Project Learning Tree (PLT)
Grade 5 teacher, writes:
"This workshop was among the best I have attended. The curriculum guide is user friendly and the activities are meaningful."
Grade 5 teacher, Duluth:
"I will use the PLT book a lot. It is filled with varied and relevant lessons that I can start using today!"
High school teacher, writes:
"These workshops provide a fabulous return of many ready-to-use activities for a teacher's investment of time and money."
Math/reading teacher, writes:
"I thought this was strictly a science-oriented workshop and was pleasantly surprised. It was relevant to all levels and subject areas."
Grade 3–5 teacher, Bay View Elementary, Proctor, writes:
"Wow! Where do I start? I am so eager to get back to school and jump in! This was a wonderful workshop. I will be much more hands-on."
Grade 5 teacher, Bay View Elementary, Proctor writes:
"I was most excited for this workshop to help the rest of our staff at our school. I go out and use our forest a lot. PLT will give me new activities, but better yet, it has inspired our staff."
Grade 3 teacher at a science-based workshop, writes:
"Ever since I was a grade school student myself, I have always been a bit afraid of science. This workshop really helped me get over that fear. It made me feel very empowered and even confident (!) that I can lead my students on scientific adventures."
LeAnn Wiekle, Five Hawks Elementary School, Prior Lake–Savage School District April 2008 firstname.lastname@example.org, writes:
Environmental education has become an integral part of my classroom and this year it took a little different twist. I have a student that I noticed whenever we were outside investigating nature he was VERY articulate, excited, and engaged. He was also a leader and the kids listen to what he had to say. He often knew more about the animal or thing in nature than the adult "experts." In contrast, in the classroom he was very immature in his behavior, uninterested in anything that involved paper and pencil work, and appeared to lack motivation. It honestly appeared that there was a split personality in this child.
I teach first grade, a very important year for literacy learning. Many kids arrive in first grade not yet reading, but most leave as readers. By mid-January my little guy was not looking like he would become a first grade reader any time this year and was even still struggling with letter names and sounds. In conversations with his parents and our reading support staff we noticed that he was a child that had appeared to have a high IQ but was not living up to his potential. I have to thank the time spent in Environmental education with helping me help this child. He was referred for an assessment. It confirmed that he does have a high IQ but a low ability because of a learning disability and he is now receiving interventions needed to help him be successful and he will be a reader. If we hadn't been outside in a place he could shine he may eventually have become a labeled behavior problem and fallen through the cracks. Now he is learning to read and will soon even know more about animals and nature and everything he loves to read and learn about.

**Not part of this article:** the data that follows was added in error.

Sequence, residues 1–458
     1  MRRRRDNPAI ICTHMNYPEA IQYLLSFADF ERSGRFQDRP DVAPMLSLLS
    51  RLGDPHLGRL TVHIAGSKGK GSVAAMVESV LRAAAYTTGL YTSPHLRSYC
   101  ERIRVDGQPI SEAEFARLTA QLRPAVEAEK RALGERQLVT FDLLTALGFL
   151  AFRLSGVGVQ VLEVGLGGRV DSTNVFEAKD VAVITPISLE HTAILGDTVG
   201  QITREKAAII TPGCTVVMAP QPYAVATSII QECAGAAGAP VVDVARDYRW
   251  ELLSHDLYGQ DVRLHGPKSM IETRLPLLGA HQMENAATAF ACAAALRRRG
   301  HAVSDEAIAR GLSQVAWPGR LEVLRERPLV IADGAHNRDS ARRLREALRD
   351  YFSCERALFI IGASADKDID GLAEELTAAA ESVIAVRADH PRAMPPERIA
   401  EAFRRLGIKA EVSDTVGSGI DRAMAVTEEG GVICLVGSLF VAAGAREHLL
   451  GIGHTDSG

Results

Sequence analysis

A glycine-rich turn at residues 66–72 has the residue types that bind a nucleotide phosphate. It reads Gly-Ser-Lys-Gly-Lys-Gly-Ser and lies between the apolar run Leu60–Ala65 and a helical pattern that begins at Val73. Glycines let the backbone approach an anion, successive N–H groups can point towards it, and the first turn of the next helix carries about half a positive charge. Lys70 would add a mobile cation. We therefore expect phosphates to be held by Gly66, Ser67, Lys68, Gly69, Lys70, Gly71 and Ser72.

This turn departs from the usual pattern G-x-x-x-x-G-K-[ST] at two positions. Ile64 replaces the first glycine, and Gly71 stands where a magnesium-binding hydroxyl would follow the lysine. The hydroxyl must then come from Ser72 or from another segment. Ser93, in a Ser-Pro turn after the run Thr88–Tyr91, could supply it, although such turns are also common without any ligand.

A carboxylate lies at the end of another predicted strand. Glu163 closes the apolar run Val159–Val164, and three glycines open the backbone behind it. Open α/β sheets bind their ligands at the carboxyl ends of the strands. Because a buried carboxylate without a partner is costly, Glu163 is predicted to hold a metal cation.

Kerry Giesen, Jordan High School, Jordan,
the Hastings High, writes:
I teach biology and environmental science and have used many of the lessons from the PLT curriculum. After attending a PLT workshop and receiving the curriculum guide, I planned my forestry unit for my environmental science course. During this unit, students studied the anatomy of trees, learned about dendrochronology, and learned how to make many tree measurements. After learning the basics about forestry, we spent several class periods outdoors measuring height and diameter of trees. We were also lucky enough to get our local forester stop by and take us out into our school's wooded area and show us how to core trees to determine their age. The students thought this was pretty cool! In this unit we also study forest fires and forest succession. We use a forest fire simulation provided by PLT, and this year I hope to get my students over to a new refuge nature center to watch a prescribed burn. Another topic we study in this unit is exotic species. I've used the gypsy moth as an example of exotic species in Minnesota and the PLT materials on gypsy moths has been a big help. After learning about exotics, my students spend time outdoors helping to remove buckthorn trees from our school's forest. Overall, the materials I received from PLT really made my forestry unit interesting and hands-on for my students!